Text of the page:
my understanding of it is that with ballooning, it is just a very slim chance of relatively small problems occurring, but with stenting it is a very slim chance of more severe problems occurring. because of the risks involved with stenting.

for my own sake, i would prefer ballooning, as i don't know the risks involved with stenting. but we also know that ballooning the veins is not effective long term, the veins will restenose. we also know that the chances of restenosis is smaller with stents if they are successfully done. i am paying for it myself, and i do not have the finances to go abroad every six or eight months to have new examinations and new procedures done. it is not an option for me. i can not only look at the risk of stenting versus ballooning, i also have to look at the risk of my ms progressing, compared to the options i have.

i have decided that the best option for me is to try this procedure, even if it has not been scientifically proven, my decision is only based on other patients testimonies.
i have decided that i will go for stents if that is what the doc thinks is the best available treatment for me. as i can not wait for any future treatments, i need to choose from what is available to me now.
there is alot of unknowns, but i know the risk involved if i do not do anything at all, as i am going downhill, and going downhill very quickly.

i would wish for my neurologist believing in this treatment, and referring me to the cardiovascular department of the hospital for examination and angioplasty treatment. payed for by the national health insurance. i would wish i could have a local follow up consultation and re-examination. i do wish that the would reballoon me, if stenosis reoccurred, all free of charge, all relatively harmless, all relatively cheap, at least for me. but i will just have to expect that it will not happen until it has been scientifically proven, and approved by the authorities, and i will probably be beyond repair by then.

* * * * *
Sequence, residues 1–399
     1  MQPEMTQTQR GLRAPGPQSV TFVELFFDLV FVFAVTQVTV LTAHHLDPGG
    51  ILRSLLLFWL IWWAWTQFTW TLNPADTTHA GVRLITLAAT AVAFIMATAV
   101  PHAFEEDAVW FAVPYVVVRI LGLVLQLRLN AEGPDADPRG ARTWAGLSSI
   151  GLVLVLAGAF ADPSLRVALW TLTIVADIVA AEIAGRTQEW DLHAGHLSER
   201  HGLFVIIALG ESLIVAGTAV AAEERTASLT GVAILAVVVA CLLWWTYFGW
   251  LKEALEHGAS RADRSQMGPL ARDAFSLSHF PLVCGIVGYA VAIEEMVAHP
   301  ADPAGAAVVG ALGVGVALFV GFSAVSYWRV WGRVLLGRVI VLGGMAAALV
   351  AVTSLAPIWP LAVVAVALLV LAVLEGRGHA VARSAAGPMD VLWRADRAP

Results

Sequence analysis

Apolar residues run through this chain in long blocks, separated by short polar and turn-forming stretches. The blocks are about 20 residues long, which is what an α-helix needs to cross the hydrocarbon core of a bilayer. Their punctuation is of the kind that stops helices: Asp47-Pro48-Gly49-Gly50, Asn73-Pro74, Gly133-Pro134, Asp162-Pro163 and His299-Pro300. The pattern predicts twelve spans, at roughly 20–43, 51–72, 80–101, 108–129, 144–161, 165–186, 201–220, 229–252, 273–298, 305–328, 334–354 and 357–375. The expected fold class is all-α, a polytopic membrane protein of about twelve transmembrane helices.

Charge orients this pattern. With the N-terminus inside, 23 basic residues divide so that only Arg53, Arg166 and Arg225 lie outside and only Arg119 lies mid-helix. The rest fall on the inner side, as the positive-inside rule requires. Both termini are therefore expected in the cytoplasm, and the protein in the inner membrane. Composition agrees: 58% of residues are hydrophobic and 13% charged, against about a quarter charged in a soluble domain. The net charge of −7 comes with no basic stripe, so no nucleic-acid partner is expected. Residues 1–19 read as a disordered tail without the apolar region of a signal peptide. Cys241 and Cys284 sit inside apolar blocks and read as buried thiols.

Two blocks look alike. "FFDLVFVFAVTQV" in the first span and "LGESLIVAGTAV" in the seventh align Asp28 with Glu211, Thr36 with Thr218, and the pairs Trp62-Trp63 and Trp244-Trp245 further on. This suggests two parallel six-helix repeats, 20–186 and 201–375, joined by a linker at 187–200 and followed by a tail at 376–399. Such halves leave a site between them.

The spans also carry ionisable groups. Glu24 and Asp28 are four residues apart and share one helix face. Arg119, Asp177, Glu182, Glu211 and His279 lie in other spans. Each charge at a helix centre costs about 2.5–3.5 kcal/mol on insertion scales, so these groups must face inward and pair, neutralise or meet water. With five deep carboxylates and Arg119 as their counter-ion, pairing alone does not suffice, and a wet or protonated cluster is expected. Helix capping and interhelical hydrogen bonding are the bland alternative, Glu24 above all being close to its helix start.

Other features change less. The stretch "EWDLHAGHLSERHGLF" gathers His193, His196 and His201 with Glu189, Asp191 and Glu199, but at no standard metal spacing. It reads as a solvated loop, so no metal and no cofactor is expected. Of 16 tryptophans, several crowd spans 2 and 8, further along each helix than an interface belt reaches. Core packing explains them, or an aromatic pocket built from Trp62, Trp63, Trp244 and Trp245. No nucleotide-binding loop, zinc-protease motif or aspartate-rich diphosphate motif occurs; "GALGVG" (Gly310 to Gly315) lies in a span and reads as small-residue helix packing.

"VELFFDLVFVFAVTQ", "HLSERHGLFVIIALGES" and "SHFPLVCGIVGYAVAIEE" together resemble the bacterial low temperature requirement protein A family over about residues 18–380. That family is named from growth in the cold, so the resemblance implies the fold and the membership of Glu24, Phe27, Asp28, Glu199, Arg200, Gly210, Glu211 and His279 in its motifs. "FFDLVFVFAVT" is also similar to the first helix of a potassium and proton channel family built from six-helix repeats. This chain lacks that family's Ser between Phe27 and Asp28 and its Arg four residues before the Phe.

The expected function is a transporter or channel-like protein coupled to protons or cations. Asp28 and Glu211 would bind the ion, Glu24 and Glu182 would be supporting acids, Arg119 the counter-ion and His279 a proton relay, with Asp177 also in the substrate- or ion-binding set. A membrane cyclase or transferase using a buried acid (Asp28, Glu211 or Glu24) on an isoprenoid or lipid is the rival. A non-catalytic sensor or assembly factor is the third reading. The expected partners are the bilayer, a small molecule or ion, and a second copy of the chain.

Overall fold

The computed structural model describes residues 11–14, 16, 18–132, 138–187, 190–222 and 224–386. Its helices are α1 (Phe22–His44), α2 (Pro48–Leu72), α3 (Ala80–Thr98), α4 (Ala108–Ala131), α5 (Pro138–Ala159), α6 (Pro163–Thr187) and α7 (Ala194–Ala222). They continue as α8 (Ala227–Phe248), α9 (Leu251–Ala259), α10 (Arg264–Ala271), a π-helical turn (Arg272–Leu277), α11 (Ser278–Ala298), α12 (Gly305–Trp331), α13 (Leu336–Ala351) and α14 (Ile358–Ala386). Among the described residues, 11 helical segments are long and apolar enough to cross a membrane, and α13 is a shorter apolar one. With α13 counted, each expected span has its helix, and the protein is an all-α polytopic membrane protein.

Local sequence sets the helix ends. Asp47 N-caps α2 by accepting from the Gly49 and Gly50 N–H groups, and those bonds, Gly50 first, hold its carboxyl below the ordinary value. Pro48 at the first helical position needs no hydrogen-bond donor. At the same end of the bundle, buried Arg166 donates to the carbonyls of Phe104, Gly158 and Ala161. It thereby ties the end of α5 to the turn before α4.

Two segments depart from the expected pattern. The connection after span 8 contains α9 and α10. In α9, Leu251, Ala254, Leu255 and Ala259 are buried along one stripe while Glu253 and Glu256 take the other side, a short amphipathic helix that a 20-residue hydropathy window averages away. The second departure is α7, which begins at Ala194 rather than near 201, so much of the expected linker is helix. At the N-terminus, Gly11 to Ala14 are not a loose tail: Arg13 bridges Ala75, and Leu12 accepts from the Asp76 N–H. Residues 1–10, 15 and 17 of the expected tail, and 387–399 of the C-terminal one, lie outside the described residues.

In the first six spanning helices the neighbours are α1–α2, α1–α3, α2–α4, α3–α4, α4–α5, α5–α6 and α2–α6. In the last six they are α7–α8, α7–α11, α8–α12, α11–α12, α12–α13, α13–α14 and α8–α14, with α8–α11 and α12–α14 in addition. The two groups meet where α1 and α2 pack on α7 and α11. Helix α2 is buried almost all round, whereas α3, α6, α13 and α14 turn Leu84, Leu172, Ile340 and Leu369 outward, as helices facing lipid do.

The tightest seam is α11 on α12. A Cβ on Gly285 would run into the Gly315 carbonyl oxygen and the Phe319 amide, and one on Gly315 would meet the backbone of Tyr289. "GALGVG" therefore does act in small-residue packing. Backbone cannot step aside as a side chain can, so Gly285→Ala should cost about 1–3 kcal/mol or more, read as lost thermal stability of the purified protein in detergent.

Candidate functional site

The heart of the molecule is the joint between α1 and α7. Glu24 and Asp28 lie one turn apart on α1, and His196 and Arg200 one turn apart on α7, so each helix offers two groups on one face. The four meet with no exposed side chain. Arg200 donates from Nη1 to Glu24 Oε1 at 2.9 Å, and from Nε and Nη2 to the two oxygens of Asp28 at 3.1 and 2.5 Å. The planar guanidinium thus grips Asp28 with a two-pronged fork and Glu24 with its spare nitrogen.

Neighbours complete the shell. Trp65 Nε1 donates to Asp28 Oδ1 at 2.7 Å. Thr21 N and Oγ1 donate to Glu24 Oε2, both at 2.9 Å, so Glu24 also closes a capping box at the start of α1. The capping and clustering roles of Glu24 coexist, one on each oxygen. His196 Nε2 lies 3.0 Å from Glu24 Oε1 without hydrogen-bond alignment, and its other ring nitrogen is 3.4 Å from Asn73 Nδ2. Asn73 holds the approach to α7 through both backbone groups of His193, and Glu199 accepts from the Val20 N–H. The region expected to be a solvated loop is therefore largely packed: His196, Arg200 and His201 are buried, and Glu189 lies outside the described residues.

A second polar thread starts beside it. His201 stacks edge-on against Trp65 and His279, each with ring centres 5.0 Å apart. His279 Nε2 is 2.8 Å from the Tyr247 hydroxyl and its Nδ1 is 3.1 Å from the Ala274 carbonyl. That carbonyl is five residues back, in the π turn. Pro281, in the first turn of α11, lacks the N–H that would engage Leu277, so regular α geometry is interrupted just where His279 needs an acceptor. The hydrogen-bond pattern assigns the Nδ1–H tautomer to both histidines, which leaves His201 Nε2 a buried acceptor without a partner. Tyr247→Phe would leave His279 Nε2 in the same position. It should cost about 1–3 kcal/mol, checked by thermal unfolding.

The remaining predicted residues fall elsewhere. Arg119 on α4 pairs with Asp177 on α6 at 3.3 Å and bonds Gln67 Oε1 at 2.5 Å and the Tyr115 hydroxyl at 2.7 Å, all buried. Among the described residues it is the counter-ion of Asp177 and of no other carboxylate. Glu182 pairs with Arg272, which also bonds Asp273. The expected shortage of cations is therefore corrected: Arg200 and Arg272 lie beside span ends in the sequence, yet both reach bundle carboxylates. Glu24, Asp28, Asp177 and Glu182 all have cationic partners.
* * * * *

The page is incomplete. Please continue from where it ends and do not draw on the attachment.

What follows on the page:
with going to bulgaria, it will cost me 5000 euros, plus some cheap flights and accommodation, i will have a treatment that i will most probably benefit from (judging by the reports from patients), it will be preformed by a highly qualified and experienced team of doctors, in a modern state of the art medical facility. ill take my chances.
they can offer me angioplasty, that i can not afford in the long run, and they can offer me today's relatively low risk stents. they can not offer me the stent of the future, especially made for veins.
i have decided ill take my chances :-)

goodness me that turned into a long post, sorry about that
<div>I have lived with ms for 8 years. The last year has been hell, I've gone from shite to even worse every single month, until my liberation in May. </div>
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Postby bretzke » Fri Apr 16, 2010 1:40 pm

sofia-

Don't doubt your decision to seek open label treatment. You did a great job in your personal risk/reward assessment.

I'm disappointed in Dr. Zamboni's recommendation to avoid open label treatment. The CCSVI trials that are being proposed are "dirty science". Everyone is recommending a costly, long term trial testing the risks and benefits of CCSVI treatment AND telling everyone to stay on their current ms drugs. How will we ever know whether any potential improvement is from opening the veins or the drugs?

Good luck in Bulgaria. We are all pulling for you.